MISSING THE MAITRE D’

COLLECTIONS OF STUFF

I’ve often reflected that a good Maitre de (front of house manager) is irreplaceable in a hotel or

restaurant, although the better he is, the less he will appear to be necessary. I’ve seen some very bad ones in my time: one who rejoiced in the name of Homer and appeared to have the sole duty of being everyone’s friend; a red-headed youth in Glasgow who when I said to him, That was a very nice meal and the service was good (to which he should have replied, We are happy to be of service, madam) instead muttered, Och aye, while not looking at me.

While we were in the Cotswolds we visited the National Trust’s house in Snowshill Manor with Joanna and family. We look it up for location and accessibility. It has a long cart with seats in it, pulled by a tractor. So we set off. It is not particularly easy to find, nor is parking very plentiful. As soon as we disembark from our cars, we see a sign that baldly announces, buggy transportation cancelled. A sign points to a rough looking track disappearing round a corner and announces, 15 minutes walk. I decide to attempt it with John and my walker but it soon becomes apparent that the person who measured the walk was wearing 7 league boots. In addition the path which is rough and difficult to push vehicles along goes up and down steep hills. I notice that people with quite mild difficulties – an elderly gentleman with a stick; a lady pushing a twin pram; a young man carrying a large, complaining child – are becoming quite distressed. John decides I will never make it there and back and leaving me to go with Joanna, returns (up hill and down dale) to the car for the wheelchair.

We rest, wheezing, on the small terrace before the house. Tickets are timed, and ours is for 4 pm. It is currently 2.30 pm. We send Lawrence in to use his friendly Glaswegian charm to persuade them to admit us earlier. He is successful and when John has taken his inhaler and rested for 5 minutes we seek admittance. The welcoming steward has eyes of the oddest colour I have ever seen; they are a deep, bight turquoise. He says to me, Now you have to remember, Madam, that everything in this house was hand-made. I am not quite sure why he is telling me this.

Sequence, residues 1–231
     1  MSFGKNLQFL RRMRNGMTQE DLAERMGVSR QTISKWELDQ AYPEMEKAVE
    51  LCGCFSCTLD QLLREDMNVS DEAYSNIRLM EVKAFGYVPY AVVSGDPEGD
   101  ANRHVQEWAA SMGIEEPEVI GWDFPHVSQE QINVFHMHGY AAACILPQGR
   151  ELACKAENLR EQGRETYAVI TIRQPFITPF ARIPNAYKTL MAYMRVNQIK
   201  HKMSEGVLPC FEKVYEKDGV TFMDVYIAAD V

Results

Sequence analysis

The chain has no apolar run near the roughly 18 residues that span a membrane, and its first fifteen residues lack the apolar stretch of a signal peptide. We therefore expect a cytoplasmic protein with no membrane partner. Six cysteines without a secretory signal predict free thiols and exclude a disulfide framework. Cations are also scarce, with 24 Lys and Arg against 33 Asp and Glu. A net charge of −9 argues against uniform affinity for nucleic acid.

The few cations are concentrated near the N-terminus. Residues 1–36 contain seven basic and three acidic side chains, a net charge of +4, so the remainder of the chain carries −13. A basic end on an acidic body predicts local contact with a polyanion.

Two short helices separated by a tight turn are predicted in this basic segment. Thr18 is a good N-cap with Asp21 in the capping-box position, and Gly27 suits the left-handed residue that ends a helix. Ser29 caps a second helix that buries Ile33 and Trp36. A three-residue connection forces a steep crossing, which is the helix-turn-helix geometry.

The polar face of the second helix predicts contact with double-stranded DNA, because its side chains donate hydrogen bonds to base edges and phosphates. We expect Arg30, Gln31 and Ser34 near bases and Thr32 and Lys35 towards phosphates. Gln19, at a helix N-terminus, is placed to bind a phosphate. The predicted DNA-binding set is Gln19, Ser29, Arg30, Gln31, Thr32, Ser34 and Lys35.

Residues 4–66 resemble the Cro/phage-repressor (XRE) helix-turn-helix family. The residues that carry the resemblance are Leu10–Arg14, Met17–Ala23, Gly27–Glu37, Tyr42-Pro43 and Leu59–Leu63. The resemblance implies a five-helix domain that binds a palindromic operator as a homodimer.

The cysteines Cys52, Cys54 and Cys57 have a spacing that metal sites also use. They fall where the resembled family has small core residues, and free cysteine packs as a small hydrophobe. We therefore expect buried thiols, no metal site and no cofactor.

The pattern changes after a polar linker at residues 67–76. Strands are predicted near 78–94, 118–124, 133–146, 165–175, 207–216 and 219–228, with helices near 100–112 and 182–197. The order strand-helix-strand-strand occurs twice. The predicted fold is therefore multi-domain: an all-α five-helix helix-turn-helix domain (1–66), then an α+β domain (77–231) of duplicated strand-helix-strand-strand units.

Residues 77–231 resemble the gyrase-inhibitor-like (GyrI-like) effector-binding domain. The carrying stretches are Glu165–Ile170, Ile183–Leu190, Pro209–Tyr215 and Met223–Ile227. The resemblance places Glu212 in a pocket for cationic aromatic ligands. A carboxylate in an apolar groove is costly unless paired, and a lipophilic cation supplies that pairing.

The house presents a classical exterior to the terrace (although windows to the right of the door are a slightly different design to those on the left). But once within you realise that the classical exterior is fraudulent and has been tacked on to the side wall of a mediaeval house which still stands in all its huddled disorder, In addition the house is not furnished really; it is stuffed with random ‘collections.’ I can see no unifying pattern to these hoardings; if the gentleman fancied them, he bought them, lots of them whatever they were; and you could not say that his purchases exhibited any great taste.

There are models of ships, some of great size (these are in every room.) There are Oriental cabinets, which in a Japanese house would be displayed in solitary splendour in an otherwise almost empty room but here are stuffed in great quantities (not very wabi sabi) into small poky irregular shaped rooms. There are uniforms like the terracotta army, but complete with accessories and made of metal. There are dolls and doll-houses. As with the boat models, vast numbers od very noisy clocks chimed at all the wrong times. There are penny-farthings with a little dog attached to the picnic but with a built in toolkit. There were musical instruments in a room which appeared to have been a kitchen.

Had we enjoyed our visit the reception guide asked, looking slantwise at us through the turquoise eyes. I realised why he had stated at the outset that these artefacts were all hand made. He knew they were trash. (More considered view: they weren’t all trash, and some of them were OK but one was left with the impression that this ‘hobby’ was an indication of a disturbed mind.) I replied that it was amazing what could be done and he graciously suggested that we did not return up hill and down dale. He would open a gate off the terrace and John could bring our car to there.

We were quite taken aback that he had not made anyone aware he had that option. John pulled himself together and accepted the kind offer.

We then went off at quite a trot to collapse into the car before someone countermanded his offer; we had a light refreshment and headed out for home.

Returning to the maitre d’. The staff at Snowshill Manor were kind and helpful. In the end, they gave us very assistance at their disposal. However they need to provide better access; it is not OK to blithely announce that the buggy service is ‘OFF’. And the attraction of Snowshill is the loveliness of the entire village, how one beautiful house after another sits peacefully in this glorious valley. They should make an exotic garden there, and build a really fine tearoom and shop, plus an adequate car park.

As for the motley collections – I’d recommend they throw them out.

I would not recommend you visit Snowshill just at the moment and when you do go, nake sure you are wearing boots, carrying inhalers, and have a loudspeaker to summon assistance when you get lost!

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About adhocannie
I am a good natured woman with a long memory and a swift tongue. I like loooking at things and thinking about them. Also food, clothes, travel, reading, sewing. I try to see the ridiculous in things, but sobriety of reflection keeps edgting in. I have husband, children, grandchildren, friends... I feel rich in things that matter. I am a happy exile. I like writing. I do not like talking about me (though I do.). You willl be much more interesting.

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